All eyes on DRC, Zim and Swazi as countries head for polls

By Magreth Nunuhe

Windhoek – All eyes are fixed on Zimbabwe, the Democratic Republic of the Congo (DRC) and the Kingdom of Swaziland as they are set to hold general elections in 2018.

Zimbabwe

Last year saw a surprising political transition in Zimbabwe when long-serving President Robert Mugabe stepped down after a 37 year reign amid pressure from the military and impending parliamentary impeachment.

Emmerson Mnangagwa was installed as President of Zimbabwe on 24 November 2017 to serve out the remaining term of Mugabe, which was to end in August 2018.

The ruling ZANU-PF has since picked Mnangagwa as the party’s preferred candidate in the 2018 elections.

Mnangagwa, a former ally of embattled Mugabe, was a senior member of the ruling ZANU–PF party and served as First Vice President of Zimbabwe from 2014 until his dismissal in November 2017, which prompted a military intervention.

The incumbent has promised a free and fair election likely in or before August as Zimbabweans look to the future with optimism for democratic transformation and governance.

The Parliament of Zimbabwe consists of two chambers: the Senate and the House of Assembly. The Senate is the upper chamber of the country’s bicameral parliament, while the House of Assembly is the lower chamber.

According to Zimbabwe Electoral Commission, 75 political parties have registered with the body to contest the 2018 elections.

Free elections could be what Zimbabwe needs to attract foreign investment and strengthen the country’s economy, which has been on a tailspin for a long time.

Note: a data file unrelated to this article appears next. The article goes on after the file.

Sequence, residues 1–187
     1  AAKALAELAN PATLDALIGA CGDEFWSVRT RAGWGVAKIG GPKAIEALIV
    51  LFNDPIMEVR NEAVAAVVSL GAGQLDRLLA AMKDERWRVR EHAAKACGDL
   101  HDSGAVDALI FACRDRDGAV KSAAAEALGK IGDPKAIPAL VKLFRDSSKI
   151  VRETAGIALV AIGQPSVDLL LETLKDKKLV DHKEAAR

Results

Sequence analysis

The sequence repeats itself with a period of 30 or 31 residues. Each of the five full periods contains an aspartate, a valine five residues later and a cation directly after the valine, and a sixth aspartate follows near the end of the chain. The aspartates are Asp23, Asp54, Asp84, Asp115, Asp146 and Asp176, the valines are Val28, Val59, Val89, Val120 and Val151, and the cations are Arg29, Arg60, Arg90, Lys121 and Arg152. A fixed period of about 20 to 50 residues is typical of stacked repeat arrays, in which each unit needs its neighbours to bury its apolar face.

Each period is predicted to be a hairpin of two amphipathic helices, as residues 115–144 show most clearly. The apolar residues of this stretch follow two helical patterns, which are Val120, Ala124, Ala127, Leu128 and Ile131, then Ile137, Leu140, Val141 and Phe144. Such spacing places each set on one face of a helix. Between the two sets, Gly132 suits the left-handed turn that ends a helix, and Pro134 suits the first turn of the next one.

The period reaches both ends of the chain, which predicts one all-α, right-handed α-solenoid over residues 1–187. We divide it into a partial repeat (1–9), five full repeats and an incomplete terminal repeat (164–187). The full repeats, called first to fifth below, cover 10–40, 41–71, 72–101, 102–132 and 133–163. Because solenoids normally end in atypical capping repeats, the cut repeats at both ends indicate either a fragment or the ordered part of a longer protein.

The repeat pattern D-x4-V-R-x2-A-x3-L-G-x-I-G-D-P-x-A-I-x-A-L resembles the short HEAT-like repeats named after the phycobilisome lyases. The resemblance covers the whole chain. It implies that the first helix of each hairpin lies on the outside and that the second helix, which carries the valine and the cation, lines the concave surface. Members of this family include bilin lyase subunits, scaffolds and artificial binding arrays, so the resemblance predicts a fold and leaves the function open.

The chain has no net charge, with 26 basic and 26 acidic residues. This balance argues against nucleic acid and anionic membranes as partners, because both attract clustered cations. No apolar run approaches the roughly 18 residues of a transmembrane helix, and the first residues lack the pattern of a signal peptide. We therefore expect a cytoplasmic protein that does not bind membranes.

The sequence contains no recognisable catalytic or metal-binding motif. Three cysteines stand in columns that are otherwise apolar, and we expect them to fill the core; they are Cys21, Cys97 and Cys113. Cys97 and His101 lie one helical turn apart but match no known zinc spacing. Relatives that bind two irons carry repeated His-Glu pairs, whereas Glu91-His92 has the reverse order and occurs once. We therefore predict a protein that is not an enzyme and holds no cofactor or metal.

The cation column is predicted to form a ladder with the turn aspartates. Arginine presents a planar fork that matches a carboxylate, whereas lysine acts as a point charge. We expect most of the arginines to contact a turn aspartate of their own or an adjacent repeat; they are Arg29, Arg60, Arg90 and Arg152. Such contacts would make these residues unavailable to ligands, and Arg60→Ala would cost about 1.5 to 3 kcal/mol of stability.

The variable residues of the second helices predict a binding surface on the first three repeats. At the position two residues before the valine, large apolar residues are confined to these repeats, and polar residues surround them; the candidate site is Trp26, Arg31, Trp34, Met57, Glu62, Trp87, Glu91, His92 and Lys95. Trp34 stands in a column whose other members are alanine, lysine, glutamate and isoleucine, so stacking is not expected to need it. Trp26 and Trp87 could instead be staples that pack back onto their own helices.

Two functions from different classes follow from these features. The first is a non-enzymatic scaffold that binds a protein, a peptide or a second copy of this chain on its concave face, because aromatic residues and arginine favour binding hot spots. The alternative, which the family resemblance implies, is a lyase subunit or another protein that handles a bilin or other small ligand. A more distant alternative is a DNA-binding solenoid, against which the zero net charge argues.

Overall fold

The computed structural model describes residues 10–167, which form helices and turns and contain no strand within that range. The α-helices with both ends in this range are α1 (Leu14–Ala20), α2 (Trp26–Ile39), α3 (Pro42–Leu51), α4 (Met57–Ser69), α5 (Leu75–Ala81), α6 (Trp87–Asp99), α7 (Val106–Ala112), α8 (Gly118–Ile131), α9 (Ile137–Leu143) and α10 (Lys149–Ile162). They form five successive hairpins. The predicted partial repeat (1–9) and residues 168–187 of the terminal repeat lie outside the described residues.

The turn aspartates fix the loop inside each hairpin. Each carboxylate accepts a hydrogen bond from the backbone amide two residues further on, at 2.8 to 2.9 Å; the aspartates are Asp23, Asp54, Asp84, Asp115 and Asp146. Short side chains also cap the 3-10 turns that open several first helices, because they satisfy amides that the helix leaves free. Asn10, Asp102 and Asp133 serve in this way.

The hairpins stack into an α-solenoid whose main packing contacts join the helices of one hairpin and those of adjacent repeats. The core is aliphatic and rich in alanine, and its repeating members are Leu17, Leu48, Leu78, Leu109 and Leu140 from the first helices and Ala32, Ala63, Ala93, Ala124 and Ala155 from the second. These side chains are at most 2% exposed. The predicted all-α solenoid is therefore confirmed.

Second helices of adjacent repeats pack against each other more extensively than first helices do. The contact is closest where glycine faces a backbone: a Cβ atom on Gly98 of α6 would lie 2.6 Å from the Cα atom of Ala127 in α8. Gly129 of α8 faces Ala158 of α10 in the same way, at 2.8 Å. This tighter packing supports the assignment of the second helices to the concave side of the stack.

Elections have been held every five years since 1980.

The Democratic Republic of Congo (DRC)

The Democratic Republic of the Congo (DRC) is confronted with worrying signs of protracted violence amid pressure for President Joseph Kabila to step down.

The DRC was scheduled to hold general elections on 27 November 2016 to find a successor to Kabila, who had served his two full terms with the final term having expired on 20 December 2016.

Elections were delayed until the end of December 2017, but never took place as scheduled – a situation which has agitated the opposition to reject and demand for the immediate removal of Kabila.

Now the Independent National Electoral Commission (CENI) has announced December 2018 as the likely date for the delayed presidential, legislative, regional and local elections to take place.

CENI says it anticipates a new president to take office by 12 January 2019.

Repeated election delays brewed frustration and protests which led to deadly counteraction by military forces which saw dozens of people killed in 2016 in protests against Kabila’s refusal to step down at the end of his term.

The opposition sees the continued election delays as Kabila’s plot to hold on to power, while repressing protests and violating human rights of its citizens.

Parts of the country are in the hands of insurgents who say they will not stop fighting while he remains in power.

Kabila succeeded his father Laurent Kabila, who was assassinated in 2001.

There are over 400 political parties in the DRC, most of them located in the capital city of Kinshasa, with an opposition heavily fractured and unable to unite under a single candidate who can mount a serious and effective campaign against the incumbent.

The United Nations has condemned the rising insecurity, violence and worsening human rights violations that could further plunge the country into total chaos.

The ongoing inter-ethnic violence in the Kasai Region in the centre of the DRC is particularly worrying since violence there broke out in August 2016 between a local militia group and the national security services.

The world body has called for a successful political transition underpinned by free, fair and inclusive elections.

The Kingdom of Swaziland